Amy Daughton reflects on the hopefulness of Paul Ricoeur’s philosophy of self and other
When I tell people that I work on French philosophy, there is peculiar fixity of expression that politely settles on their faces! Yet this is philosophy that arose from Europe in response to the violence and targeted genocides of the twentieth century. These are thinkers who intended to speak to just the dangers that now surround us in the rising voice of facism and xenophobia.
I work from the ideas of Paul Ricoeur and there are two important characteristics of his work which speak sharply to the political surroundings in which we find ourselves. The first is the importance of the other, near and far, in the very constitution of the self. The second is hope.
When Ricoeur talks about the other, he is not presenting an anodyne argument about diversity. Rather his starting point is the self. The self is one who speaks and acts. She can narrate those actions and so take responsibility for her own actions – or identify the responsibility of others. This understanding of the self is a modern one – meaning that the self is understood as sovereign, able to decide freely how to understand the real events of her life.
This might sound quite isolated, even lonely! Certainly current political theological commentators get very worried about conceiving of the self as an isolated, purely reasoning individual. In fact, this self is only a starting point – a set of philosophical capacities, not a real person. The real person, of a particular time and place cannot be isolated, but is instead always already entangled in stories: about others, told by others, today and in other times and places.
At the same time, this does doom people to be hidebound by the narratives they first encounter. Instead, stories bear society’s identity: ‘its values, norms, ideals, models, and heroes, in which the person or the community recognizes itself’. This offers the necessity to claim, reject, critique that identity. Thus stories, as an encounter with the other, offer the self both the resources to understand herself and the critical prompt to articulate who she is and will be. For Ricoeur then it is always the other who summons the self to recognise her own ethical obligation.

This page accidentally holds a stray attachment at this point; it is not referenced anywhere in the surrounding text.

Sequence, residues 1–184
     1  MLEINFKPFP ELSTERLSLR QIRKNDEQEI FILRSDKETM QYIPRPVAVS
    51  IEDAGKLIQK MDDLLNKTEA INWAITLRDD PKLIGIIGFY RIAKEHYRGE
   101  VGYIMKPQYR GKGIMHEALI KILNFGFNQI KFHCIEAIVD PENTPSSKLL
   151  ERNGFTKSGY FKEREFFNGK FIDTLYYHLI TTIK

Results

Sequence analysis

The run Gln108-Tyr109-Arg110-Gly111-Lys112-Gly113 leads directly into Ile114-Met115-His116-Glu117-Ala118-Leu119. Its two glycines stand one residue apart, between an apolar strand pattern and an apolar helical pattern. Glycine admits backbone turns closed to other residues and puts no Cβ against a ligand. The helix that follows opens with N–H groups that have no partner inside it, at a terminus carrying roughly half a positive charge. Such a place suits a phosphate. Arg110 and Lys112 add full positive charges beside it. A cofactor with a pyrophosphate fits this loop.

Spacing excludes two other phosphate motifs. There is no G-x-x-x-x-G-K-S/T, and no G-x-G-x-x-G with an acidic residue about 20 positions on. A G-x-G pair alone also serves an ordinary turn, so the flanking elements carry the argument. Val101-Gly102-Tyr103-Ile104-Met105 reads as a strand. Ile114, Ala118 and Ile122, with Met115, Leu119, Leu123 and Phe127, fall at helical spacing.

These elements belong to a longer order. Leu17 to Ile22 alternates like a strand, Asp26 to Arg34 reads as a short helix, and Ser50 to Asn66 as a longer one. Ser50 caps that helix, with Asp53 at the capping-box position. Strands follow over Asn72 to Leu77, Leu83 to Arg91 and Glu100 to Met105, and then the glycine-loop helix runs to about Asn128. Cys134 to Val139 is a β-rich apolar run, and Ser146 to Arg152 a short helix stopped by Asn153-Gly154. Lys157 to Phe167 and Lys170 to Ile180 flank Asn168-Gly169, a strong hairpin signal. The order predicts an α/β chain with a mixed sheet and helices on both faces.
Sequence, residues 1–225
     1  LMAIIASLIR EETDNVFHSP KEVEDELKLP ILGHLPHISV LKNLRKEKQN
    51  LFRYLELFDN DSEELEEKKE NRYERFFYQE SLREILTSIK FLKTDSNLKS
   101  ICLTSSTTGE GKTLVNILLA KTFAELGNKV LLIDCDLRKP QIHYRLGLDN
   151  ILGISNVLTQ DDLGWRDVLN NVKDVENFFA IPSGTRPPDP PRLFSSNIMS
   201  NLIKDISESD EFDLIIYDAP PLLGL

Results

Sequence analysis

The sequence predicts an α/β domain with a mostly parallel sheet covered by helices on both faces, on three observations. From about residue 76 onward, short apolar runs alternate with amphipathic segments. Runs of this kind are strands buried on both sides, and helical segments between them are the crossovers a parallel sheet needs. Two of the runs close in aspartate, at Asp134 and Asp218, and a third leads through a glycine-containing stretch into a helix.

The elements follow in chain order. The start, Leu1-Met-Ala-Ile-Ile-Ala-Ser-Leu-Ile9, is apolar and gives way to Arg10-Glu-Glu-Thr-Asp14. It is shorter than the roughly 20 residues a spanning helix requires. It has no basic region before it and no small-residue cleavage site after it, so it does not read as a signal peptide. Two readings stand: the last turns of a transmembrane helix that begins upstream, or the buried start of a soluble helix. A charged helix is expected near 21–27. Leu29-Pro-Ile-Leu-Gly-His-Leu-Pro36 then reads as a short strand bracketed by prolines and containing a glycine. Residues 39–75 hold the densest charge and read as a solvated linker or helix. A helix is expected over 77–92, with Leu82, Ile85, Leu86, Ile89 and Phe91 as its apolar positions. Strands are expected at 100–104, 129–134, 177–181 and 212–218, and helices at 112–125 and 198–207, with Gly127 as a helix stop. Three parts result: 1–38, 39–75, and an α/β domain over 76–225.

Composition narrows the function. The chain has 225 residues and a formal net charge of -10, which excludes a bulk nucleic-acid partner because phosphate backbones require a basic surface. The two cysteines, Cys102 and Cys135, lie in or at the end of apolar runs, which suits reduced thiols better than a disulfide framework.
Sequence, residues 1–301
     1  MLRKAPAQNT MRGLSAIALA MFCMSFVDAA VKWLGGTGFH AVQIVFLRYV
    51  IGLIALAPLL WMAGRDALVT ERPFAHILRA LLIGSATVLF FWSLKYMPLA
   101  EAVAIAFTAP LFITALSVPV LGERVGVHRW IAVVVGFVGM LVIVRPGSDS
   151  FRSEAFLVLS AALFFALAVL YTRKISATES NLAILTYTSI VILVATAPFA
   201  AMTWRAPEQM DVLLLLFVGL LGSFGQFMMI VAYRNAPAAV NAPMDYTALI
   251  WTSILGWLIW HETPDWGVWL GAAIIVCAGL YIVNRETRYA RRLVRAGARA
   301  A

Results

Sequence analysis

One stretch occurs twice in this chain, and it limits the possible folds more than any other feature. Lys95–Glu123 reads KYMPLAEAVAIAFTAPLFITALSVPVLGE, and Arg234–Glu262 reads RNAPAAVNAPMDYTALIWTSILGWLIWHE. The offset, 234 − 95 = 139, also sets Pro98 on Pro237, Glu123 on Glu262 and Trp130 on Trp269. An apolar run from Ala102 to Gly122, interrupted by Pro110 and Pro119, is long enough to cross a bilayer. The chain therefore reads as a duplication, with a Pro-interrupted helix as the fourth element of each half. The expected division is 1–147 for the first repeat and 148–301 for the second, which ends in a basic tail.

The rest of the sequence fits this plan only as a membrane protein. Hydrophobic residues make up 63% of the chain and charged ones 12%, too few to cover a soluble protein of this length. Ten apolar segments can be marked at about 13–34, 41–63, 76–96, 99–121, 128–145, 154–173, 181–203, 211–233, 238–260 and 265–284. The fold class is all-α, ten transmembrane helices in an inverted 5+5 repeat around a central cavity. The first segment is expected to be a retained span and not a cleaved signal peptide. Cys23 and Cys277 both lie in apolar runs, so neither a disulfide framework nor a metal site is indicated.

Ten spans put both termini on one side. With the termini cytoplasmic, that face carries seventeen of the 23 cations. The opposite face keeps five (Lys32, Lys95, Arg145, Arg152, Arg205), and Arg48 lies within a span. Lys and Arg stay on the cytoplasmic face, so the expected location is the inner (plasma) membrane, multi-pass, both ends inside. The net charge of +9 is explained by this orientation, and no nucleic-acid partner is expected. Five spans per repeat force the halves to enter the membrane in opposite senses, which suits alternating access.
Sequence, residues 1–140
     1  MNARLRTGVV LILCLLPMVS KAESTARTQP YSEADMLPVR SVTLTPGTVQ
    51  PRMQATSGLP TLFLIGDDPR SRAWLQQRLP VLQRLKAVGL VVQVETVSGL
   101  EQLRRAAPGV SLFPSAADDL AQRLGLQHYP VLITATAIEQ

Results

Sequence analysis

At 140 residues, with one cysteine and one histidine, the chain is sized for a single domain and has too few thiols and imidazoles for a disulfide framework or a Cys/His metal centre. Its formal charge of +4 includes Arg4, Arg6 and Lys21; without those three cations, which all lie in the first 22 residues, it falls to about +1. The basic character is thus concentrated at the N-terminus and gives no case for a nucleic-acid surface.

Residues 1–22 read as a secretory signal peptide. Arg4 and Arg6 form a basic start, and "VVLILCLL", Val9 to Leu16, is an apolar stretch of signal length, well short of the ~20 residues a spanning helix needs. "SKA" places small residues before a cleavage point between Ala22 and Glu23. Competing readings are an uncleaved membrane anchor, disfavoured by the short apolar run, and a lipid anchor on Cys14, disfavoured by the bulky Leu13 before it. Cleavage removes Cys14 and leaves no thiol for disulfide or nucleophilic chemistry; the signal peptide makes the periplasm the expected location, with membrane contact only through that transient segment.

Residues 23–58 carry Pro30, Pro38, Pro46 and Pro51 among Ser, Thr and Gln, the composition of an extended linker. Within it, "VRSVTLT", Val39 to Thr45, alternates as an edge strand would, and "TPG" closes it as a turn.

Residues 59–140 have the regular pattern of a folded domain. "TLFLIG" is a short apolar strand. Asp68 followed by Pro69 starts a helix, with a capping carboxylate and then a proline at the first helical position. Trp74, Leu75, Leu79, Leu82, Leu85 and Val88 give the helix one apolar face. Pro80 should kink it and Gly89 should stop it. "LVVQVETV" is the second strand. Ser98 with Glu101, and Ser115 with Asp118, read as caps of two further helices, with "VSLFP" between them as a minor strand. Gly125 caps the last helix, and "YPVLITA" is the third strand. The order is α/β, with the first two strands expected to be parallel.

On this foundation dialogue across faiths participates in a mutual weaving of a continuing tapestry of narratives within which selves arise and narrate their own ethical identity. We confront the other as audience, as an enriching perspective, but more significantly as another moral being, another bearer of selfhood.
For Ricoeur this is not a merely interpersonal moment, but the defining character of just institutions: religious communities, agencies, government, even cultural traditions must be cast as places of continuing moral encounter, mediating between self, other and the other further off, whom one might never meet.
In our current fearful and superficial context, this might feel like a fairy tale. Yet that’s the point of stories – to offer a transforming perspective for real life. And it is this which ultimately heralds the great theme that underlies the whole trajectory of Ricoeur’s thought: a concrete hope in what people really can build together.
Thus the untranslatable becomes the goad to translate more richly; histories of enmity become the place from which all exchange of memory should stand; politics becomes the task of responding anew to the broken promises of the past.
Rebecca Huskey has written brilliantly on the rising significance of hope for Ricoeur’s later work, shifting from the confrontation with evil and the involuntary to questions of interpretation, ethics, memory, and justice, all geared toward the ‘good life, with and for others, in just institutions’.
For me, hope becomes the banner under which we might understand all of Ricoeur’s ethical work. In many ways it is hope that offers the bridge between the neat little theory in books and the real dialogue with others: framing interfaith and intercultural dialogue as a hopeful place of possibility, not just for those involved but to continue to shape wider and more complex social relationships. This is not a certainty, but a heuristic, festive hope.